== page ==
I really like seeing how you process all this, too. After only 18 months (real work time), I have piles and piles of documents and words on my main WIP. And that doesn’t take into account the pictures on my computer and on Pinterest and the playlists on YouTube . . . . And the non-electronic pieces of paper floating around in various bags.

    I swear, I’m going to get organized one day. (It’s just that there are so many things that are more fun.)

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  15. Also, I still remember the gorgeous collage from one of the iterations of You Again. The collages always make me want to re-read the book.

    I go back at look at them all the time after I’ve re-read the book. Especially the one for Bet Me. So gorgeous.

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  16. Excellent job so far! To be able to have sorted through 1500 or so files is amazing! I’m very happy to know you’re working on this and I will trust that once you have it all sorted out, organized and set, you’ll be able to turn it into a fabulous, cohesive story that we will all enjoy reading.

    Also, keep the coke away from the computer or put it in a sippy cup. 😉

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  17. Ooh very excited for You Again! I’ve loved the snippets that you’ve posted before! Wishing you lots of luck!

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    1. Thank you. I’m trashing many of the snippets as we speak. But that might be an idea for next week’s posts, post the old first scene and the new first scene and talk about why the old first scene was chat and info dump ARGH.

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      1. I really loved the first draft of Zelda’s opening scene when you posted it last time – it was chatty but it also really hooked me in to the character – made me care about her – and I loved the sense that she was deluged with things going wrong but she kept meeting them all with a sort-of trying-really-hard-to-be-cheerful bravery! She really sparkled on the page (not in the Twilight sense!) 😉 (Not that that is probably helpful if you’re trashing lots of snippets, but hopefully it helps somehow!)

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    1. It was godawful. Truly. Everybody I ever showed it to rejected it, and when Jen bought it, she said, “You’re going to rewrite this, right?” It was that bad.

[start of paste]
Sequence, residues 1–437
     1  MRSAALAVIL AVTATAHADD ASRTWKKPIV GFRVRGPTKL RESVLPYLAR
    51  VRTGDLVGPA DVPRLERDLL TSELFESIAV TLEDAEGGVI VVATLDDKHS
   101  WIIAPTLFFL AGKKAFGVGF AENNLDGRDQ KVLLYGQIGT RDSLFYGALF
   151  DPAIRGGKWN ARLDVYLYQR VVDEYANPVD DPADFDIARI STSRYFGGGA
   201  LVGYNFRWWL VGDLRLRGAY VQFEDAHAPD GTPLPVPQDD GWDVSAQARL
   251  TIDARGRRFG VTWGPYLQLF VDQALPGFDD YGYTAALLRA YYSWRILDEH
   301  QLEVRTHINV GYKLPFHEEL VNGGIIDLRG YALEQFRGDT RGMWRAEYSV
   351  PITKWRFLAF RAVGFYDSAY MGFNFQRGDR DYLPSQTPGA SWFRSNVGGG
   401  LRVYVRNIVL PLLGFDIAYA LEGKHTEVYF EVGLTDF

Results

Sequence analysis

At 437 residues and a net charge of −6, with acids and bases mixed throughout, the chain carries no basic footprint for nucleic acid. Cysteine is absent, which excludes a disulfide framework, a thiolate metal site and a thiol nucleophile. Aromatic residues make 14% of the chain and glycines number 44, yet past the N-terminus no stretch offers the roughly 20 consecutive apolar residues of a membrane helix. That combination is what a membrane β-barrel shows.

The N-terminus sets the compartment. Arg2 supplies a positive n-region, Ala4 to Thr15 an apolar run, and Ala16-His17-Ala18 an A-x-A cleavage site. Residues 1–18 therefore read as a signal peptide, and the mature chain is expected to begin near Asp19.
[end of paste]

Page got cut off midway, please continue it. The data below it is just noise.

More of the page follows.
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      1. I know it’s not “good” writing but I would love to read outtakes from “Bet Me,” “Fast Women,” etc. It always seems like you know so much more about these interesting people than fits into the immediate story, and while I don’t really care about, say, the Harry Potter characters beyond what got them through their plots, I would pay to read Crusie people just talk to each other.

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        1. The characters weren’t the same. I think Lisa might have been the same, but the heroine’s name was Jane and the three women friends were college professors, and I think they were making a pornographic movie.

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  18. Relatively new lurker (drawn in by all things Arrow) here. I just wanted to say how fascinated I am by the insights into your working process.

    So what is the worst thing that could happen to partners who do cookbooks? One of them going Vegan or having to go gluten-free? 🙂 Or losing all your sales to food bloggers? Or having to judge an episode of a reality cooking show? Being a food writer seems more fun than a botanist, anyway. Unless you were planning a poisoning with a rare plant?

    I’ve read all of Georgette Heyer’s Regencies but not her mysteries. I should look into that. I know she loved writing them and was always disappointed that her readers loved the Regencies more.

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    1. She’s a herbalist, really, but she makes her living with her writing. Scylla’s the cook, but she’s an intuitive cook, so Zelda translates her recipes, and writes about the herbs she uses. Yeah, it’s still a little hazy in my mind because you really can’t make a living doing cookbooks unless you have a celebrity name attached. Her occupation doesn’t have anything to do with her conflict, so I can work it out as I go along. Her conflict happens because she’s trying to find out who her father is (mom didn’t tell her and then died), so she’s come back to the place where the house party at which she was conceived happened, in hopes somebody or something there can help her. But if it turns out her dad was an Inglethorpe, she’s in line for part of the trust fund, which many people would be unhappy about.

      I love Heyer’s mysteries. I think that’s how I found her first; I wasn’t a romance reader until I started to study them in my late thirties.

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      1. One of the books on my “grab in case of fire” bookshelf is by Juliette de Bairacli Levy. I love the idea that your heroine is an herbalist. Hope things fall into place for you – I need to read this book now.

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        1. I need to finish this book now, so our needs are aligned.
          As I remember, back when I first started this, I made her a plant person because my daughter had dual degrees in landscape architecture and horticulture. Easy research. These are things that come back to haunt us. The last time I did that was when I made Agnes a cookbook writer because my cousin Russ is a food writer and had done two books. When Bob decided he wanted his half of the equation to be a hit man, I called Russ and said, “Why would somebody put out a hit on a food critic?” He said, “Jenny, we don’t do that.” Back to square one.